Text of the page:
Last Friday, Ford stopped on his way to the office to greet some schoolchildren, high-fiving them and signing autographs, while the half-naked social justice warriors crowed “Resign! Resign!” in the background. And let’s not forget his heroics in rescuing Canada’s oldest elected official from getting intimate with a salmon. No, that doesn’t mesh with the bumbling doofus of a crack-smoking wretch that sensationalist “news” channels like CP 24 insist on regurgitating ad nauseum.
My issue isn’t about Ford’s efficacy as the mayor, but rather why there is such a dedicated witch hunt to vilify him. Which brings me back to the reason why I consider Ford our black mayor.
The term “black” doesn’t exclusively prescribe to race. It could also be used to describe, as Collins English dictionary defines it, “something wicked or harmful” or “causing or deserving dishonour or censure.” There be Bobby in spades (pun vehemently NOT intended).
One could also consider Rob Ford the “black sheep” of Toronto politics or Canadian politics as a whole, inevitably conjuring up images of Chris Farley at the helm of one of Canada’s most prolific cities (it’s difficult not to make comparisons; aside from their similar girth, one would have to be somewhat light on their toes, be they a football player or an actor.)
The way I refer to Rob Ford as our black mayor has to do with how Toronto as a whole perceives him. As someone different from the fold. Canada prides itself on its multiculturalism and its celebrated diversity, That said, it is guilty, just like any other place on the globe, of the evils of discrimination or, in the context of this piece, “subtle racism.” While Canada does not adhere to the overt racism of the United States, it has its own insidious brand that socially ostracizes and isolates while simultaneously giving the appearance of acceptance.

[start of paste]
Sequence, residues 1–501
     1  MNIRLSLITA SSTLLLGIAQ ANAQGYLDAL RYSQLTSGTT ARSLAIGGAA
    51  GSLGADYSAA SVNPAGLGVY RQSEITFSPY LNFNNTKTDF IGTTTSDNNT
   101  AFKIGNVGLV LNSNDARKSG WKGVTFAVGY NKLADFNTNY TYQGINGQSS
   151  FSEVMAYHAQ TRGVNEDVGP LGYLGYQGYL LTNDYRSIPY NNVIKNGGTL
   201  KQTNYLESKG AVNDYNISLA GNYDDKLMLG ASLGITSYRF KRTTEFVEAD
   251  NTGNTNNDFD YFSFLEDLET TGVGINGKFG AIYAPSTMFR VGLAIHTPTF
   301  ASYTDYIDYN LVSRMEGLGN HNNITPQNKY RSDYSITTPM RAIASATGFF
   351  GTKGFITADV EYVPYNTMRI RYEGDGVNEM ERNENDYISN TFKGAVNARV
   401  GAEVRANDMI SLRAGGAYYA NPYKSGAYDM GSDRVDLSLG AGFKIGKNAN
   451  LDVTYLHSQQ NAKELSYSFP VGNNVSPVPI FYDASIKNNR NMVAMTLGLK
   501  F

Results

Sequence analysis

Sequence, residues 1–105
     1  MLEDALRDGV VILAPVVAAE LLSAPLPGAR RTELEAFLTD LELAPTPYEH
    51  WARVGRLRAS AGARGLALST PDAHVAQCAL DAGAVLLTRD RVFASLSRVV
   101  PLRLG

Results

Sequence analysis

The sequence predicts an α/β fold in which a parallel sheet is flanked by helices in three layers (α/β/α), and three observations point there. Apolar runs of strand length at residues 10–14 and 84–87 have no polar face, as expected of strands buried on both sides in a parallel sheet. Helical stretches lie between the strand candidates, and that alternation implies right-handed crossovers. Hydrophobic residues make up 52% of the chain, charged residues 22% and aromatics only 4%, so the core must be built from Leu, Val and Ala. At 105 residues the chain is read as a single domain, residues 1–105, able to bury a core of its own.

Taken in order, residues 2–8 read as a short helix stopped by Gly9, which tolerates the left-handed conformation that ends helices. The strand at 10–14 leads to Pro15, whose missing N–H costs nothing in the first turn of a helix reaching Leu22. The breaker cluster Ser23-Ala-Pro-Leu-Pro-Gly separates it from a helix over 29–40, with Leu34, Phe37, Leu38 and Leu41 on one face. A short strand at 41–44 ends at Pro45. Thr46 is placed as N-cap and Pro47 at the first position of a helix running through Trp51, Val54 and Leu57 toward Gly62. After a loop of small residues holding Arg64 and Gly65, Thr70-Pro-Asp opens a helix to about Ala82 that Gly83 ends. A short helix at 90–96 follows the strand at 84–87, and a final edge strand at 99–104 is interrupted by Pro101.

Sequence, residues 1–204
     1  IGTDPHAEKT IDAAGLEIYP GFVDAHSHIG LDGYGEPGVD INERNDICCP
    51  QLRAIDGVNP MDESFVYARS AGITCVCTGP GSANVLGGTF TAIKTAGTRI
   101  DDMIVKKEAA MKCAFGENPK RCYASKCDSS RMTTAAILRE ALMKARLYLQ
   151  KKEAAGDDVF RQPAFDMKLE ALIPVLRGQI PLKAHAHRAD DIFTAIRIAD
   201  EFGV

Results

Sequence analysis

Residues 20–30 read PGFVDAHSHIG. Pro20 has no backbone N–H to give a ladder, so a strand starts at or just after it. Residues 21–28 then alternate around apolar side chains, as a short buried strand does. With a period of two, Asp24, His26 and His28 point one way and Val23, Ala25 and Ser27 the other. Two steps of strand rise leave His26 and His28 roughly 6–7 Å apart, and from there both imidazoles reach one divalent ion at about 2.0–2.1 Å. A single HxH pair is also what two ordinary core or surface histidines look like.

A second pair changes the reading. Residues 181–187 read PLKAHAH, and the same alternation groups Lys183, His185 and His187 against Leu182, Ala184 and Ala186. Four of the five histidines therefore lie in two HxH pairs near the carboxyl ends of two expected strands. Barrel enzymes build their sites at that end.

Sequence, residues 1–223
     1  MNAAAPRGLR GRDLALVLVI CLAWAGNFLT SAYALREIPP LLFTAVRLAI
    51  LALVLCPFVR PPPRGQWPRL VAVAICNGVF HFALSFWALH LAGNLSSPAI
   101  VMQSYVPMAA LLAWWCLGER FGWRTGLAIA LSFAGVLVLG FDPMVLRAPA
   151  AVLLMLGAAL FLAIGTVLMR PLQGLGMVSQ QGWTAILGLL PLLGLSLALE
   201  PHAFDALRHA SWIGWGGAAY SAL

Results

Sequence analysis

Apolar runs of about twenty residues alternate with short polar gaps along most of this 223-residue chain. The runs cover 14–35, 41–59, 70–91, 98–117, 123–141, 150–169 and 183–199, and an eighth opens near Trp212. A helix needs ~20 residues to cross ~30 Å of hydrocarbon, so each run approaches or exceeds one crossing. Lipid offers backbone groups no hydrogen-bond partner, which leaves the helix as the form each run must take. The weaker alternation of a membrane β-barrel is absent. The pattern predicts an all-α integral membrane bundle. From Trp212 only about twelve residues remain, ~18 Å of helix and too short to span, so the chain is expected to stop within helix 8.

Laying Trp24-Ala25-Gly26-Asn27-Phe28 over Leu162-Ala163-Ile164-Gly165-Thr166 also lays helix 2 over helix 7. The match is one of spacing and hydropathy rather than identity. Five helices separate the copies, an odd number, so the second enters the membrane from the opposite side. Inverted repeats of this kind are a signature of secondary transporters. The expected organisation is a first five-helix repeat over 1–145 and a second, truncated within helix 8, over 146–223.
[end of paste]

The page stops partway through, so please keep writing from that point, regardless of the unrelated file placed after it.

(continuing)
Let’s be glib: Rob Ford is no one’s vision of a mayor. He’s the odd man out, he’s out of shape, and he has smoked crack by his own admission. The morally bigoted people of Toronto cannot oust him, so they employ their time-tested brand of subtle discrimination. Toronto opts to paint Ford as inferior to the citizens who bestowed upon him his very power.
Rob Ford not only evokes both the positive and negative stereotypes of black culture, but he also reflects back upon Toronto its own haughty nature. Its whole-holier-than-thou attitude, while not precisely the same as traditional racism, still portrays the city as harbouring the world’s most glass house stone-throwers.
So when October 27 rolls around and Toronto votes, it’s very likely they will choose someone else who more closely embodies the culture of their city, both in physical stature and in spending habits. But should it eventually come out that he or she misappropriates funds and spends as lavishly as a second Adrianne Clarkson, then perhaps the city will finally be remedied of its inherent smugness.
After all, it will have gotten exactly what it asked for and deserved.
This opinion article was written by an independent writer. The opinions and views expressed herein are those of the author and are not necessarily intended to reflect those of